In talking about this project, Doganer emphasized the importance of community engagement and research being part of successful undergraduate educational frameworks. “Through research and community engagement, our students learn about the importance of civic responsibilities and collaboration, as well as leadership, humanity, and the role of an architect in society. This strengthens community ties, offers employment opportunities for students, and provides services to our local population. Health care design is a very important sub-discipline in architecture and our students are excelling on this area with real world challenges.”
Norouzi also talked about the importance of architecture education as it models professional behavior. “My pedagogical focus is on the process of collaboration between design practice and academia. I view design as a link between every day issues and the built environment, and the designer as a collaborator in creating the physical environment that serves people. Through this project, we focused on psychiatric health care and the effect of the built environment on patients and staff behavior, safety and quality of life. We involved undergraduate and graduate students in the research process which is not always the norm in architecture but a very important factor as it models the professional architecture practice.”
In all, 42 undergraduate students participated in the Spring 2018 and Fall 2018 cohorts, assisted by two graduate research assistants and two undergraduate research scholarship students. As the semesters progressed, the students were tasked with creating architectural drawings (floor plans, sections and elevations), developing 3D digital representation of interior and exterior spaces and building architectural physical model(s) correspondent with each design scenario.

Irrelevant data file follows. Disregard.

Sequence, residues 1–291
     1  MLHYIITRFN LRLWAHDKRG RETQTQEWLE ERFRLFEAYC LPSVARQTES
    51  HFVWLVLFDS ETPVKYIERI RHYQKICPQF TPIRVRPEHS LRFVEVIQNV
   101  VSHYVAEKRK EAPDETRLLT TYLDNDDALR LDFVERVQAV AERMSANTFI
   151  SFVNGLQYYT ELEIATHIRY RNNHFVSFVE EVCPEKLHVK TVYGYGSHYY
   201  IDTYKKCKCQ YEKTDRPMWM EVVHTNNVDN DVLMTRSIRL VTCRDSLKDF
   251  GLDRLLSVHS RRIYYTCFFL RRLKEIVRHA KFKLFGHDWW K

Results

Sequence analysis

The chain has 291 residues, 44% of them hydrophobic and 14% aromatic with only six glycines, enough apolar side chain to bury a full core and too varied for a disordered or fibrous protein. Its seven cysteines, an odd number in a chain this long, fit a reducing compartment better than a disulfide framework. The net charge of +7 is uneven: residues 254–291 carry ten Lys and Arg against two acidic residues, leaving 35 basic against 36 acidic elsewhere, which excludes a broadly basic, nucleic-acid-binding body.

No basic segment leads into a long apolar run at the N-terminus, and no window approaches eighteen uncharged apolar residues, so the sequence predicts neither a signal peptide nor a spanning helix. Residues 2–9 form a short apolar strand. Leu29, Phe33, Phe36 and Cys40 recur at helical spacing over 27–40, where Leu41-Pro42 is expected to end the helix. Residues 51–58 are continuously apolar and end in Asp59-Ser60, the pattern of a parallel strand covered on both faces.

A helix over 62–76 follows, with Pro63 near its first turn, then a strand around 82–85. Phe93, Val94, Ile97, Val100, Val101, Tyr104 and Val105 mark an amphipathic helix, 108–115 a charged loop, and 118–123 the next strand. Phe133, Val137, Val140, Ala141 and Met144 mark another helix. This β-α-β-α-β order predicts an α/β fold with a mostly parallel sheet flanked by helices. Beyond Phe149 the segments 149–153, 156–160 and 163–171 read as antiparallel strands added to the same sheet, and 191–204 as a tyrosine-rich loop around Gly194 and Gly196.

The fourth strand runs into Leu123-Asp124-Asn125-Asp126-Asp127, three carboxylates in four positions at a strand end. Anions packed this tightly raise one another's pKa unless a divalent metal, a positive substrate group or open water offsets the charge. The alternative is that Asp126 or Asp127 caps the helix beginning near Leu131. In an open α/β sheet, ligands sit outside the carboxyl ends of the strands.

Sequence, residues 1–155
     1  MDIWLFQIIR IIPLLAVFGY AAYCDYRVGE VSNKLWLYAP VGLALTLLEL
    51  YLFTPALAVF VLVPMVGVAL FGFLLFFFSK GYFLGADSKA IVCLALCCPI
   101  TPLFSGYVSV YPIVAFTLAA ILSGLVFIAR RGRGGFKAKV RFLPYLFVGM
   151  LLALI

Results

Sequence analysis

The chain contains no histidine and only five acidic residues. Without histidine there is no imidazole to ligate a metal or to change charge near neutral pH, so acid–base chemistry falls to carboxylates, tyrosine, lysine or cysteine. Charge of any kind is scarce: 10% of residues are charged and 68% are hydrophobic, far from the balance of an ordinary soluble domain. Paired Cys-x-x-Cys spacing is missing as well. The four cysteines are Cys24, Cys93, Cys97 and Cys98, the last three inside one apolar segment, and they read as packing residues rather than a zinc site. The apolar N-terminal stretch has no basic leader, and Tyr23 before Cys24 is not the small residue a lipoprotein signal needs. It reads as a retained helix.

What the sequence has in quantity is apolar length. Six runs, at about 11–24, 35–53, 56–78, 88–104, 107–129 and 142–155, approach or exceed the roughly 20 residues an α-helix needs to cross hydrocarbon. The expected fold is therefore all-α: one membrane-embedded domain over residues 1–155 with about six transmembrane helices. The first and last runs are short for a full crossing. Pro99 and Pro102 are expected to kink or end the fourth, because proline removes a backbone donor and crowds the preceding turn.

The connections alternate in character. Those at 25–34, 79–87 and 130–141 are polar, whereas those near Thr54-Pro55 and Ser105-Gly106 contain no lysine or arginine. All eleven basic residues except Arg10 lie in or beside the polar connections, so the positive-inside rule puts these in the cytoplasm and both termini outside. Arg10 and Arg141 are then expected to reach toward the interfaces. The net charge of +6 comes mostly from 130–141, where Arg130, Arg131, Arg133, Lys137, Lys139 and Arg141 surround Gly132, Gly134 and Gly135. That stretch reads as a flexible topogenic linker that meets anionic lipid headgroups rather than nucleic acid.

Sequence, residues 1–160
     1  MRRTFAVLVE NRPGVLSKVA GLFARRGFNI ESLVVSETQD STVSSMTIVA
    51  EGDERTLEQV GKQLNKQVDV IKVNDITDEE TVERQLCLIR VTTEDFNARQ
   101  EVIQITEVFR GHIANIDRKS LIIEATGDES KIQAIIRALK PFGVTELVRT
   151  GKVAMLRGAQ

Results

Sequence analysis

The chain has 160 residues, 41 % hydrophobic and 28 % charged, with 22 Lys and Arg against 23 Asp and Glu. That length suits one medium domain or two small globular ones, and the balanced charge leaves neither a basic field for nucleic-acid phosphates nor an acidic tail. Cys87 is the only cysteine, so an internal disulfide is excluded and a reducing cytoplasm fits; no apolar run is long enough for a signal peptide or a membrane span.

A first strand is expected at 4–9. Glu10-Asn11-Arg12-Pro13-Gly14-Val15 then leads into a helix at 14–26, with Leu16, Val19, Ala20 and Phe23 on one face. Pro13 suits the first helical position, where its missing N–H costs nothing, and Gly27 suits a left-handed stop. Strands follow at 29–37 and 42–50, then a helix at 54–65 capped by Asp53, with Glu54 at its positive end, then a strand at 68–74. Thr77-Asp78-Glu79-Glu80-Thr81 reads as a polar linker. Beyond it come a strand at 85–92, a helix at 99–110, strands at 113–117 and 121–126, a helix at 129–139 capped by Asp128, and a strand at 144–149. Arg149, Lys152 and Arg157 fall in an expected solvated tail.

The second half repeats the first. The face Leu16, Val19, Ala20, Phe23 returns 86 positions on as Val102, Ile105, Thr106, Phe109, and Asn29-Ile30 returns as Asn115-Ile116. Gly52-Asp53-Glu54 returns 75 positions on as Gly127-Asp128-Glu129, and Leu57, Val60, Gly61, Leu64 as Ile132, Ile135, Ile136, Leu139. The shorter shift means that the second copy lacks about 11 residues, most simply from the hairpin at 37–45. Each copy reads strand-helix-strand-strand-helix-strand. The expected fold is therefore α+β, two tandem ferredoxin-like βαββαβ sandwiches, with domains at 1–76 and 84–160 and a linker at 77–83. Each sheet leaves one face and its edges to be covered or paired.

“Designing for psychiatric patients requires a deeper understanding of Architecture and the principle ‘Form follows Function’. This studio provided me with insight on how to better design for the end user and be aware of the impact of architecture on human psychology. I am very grateful for the opportunity to participate in this project and for the knowledge I have gained through the extensive research and design process. This studio has and will continue to strengthen my skills as an aspiring architect,” said Christian Garcia.
To culminate the project, the UTSA architecture and interior design students presented their research findings, their methods and their preliminary designs to SASH stakeholders and community members. They were evaluated on functionality, safety, amenities and cost efficiency.
The top three projects of all three studios chosen by local health care designers will be send out through a survey for San Antonio State Hospital members and their executive committee to vote on one top project. All of the research and the top design projects will be published in a book made available to the university.
— Ingrid Wright